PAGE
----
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Water Safety. By Our Student Pharmacist, Taylor Law.


What is the first thing you want to do on a hot summer day? Head to the pool of course!

Before heading over to the pool, we wanted to remind you about some water safety tips!

Water safety is extremely important to know at all ages. It only takes a moment for a tragedy to occur. A child is never too young to start learning how to be safe around any body of water.

Here are some facts about drownings in the United States you probably didn’t realize:

  • Drowning is a leading cause of death for children.
  • About 10 people die each day from unintentional drowning.
  • Behind birth defects, drowning is the next leading cause of death for children aged 1 to 4.
  • For children and adults with autism, drowning has been found to be a leading cause of death.

There is no depth of water that is deemed completely safe. Drownings can happen in bathtubs, pools, hot tubs, lakes, ponds, rivers, and oceans. For children younger than 5, the majority of drowning happens in pools.

Drowning also does not discriminate. It can affect any age, race, or economic status. If you are ever around water and someone doesn’t know how to swim, everyone should take extra caution to ensure no accidental drownings occur.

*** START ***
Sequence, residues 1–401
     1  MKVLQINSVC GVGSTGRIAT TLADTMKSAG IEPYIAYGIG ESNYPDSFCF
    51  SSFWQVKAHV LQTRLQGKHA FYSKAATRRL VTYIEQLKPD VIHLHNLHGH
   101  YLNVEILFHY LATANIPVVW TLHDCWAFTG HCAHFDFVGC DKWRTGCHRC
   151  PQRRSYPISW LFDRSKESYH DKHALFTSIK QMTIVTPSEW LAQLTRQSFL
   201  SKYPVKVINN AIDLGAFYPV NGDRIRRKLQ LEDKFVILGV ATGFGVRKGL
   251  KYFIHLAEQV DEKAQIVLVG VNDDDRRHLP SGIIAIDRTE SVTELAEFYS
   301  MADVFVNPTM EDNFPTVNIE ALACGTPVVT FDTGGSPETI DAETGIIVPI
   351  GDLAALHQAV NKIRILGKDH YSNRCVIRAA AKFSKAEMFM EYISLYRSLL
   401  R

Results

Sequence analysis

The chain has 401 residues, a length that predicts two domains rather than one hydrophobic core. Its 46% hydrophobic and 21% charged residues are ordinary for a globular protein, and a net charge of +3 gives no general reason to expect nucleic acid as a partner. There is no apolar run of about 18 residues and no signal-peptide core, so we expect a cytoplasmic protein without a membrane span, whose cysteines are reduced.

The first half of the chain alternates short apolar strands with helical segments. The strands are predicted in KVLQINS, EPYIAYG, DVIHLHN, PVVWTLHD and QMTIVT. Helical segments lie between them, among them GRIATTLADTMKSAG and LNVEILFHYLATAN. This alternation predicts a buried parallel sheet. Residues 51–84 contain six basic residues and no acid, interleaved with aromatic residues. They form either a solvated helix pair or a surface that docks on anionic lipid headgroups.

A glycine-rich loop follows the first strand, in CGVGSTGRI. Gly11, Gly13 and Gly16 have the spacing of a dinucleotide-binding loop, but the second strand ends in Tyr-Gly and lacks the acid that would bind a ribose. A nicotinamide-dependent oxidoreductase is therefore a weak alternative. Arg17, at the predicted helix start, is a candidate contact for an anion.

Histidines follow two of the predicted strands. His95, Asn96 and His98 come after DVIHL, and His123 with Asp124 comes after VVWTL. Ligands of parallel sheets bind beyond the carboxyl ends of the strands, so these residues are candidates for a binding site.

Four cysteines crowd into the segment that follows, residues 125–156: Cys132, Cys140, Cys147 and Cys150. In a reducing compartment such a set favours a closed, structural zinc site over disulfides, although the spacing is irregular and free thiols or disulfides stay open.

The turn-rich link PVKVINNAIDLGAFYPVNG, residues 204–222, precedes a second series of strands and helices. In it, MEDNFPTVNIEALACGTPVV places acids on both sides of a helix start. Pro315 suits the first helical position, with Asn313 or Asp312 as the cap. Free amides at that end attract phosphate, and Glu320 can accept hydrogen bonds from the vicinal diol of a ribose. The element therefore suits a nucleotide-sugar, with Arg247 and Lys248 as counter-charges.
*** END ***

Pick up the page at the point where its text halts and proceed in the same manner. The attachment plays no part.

When planning to swim here are some tips to stay safe:

  • Never swim alone
  • Keep fences, gates, and doors to pools locked when not using them
  • Know how deep the water is and stay within in your limits
  • Always enter water feet first
  • Lifejackets or other floatation devices should be encouraged for those who do not know how to swim
  • Swim sober

Knowing what to do when an emergency occurs is also extremely important. If you’re with children near water and they go missing, the first place to look for them should be in the water. If a lifeguard is present, ask them for help also.

You will want to recognize when someone is struggling in water. An example of this is someone who is not making forward progression in the water or is completely vertical, bobbing up and down. If someone is struggling in the water you will want to get them out of the water, but you also never want to put yourself in danger. Always make sure the scene and area are safe for you to intervene.


What is the best thing you can do for your family to stay safe near water?

  • Enroll your children in swimming lessons from an early age.
  • Talk to your children about water safety and the rules about water.
  • Be able to recognize an emergency.
  • Always have lifejackets quickly and readily available.

If you are looking for swim lessons or want more information on water safety, the YMCA and Red Cross are great places to start looking. Here are their links:






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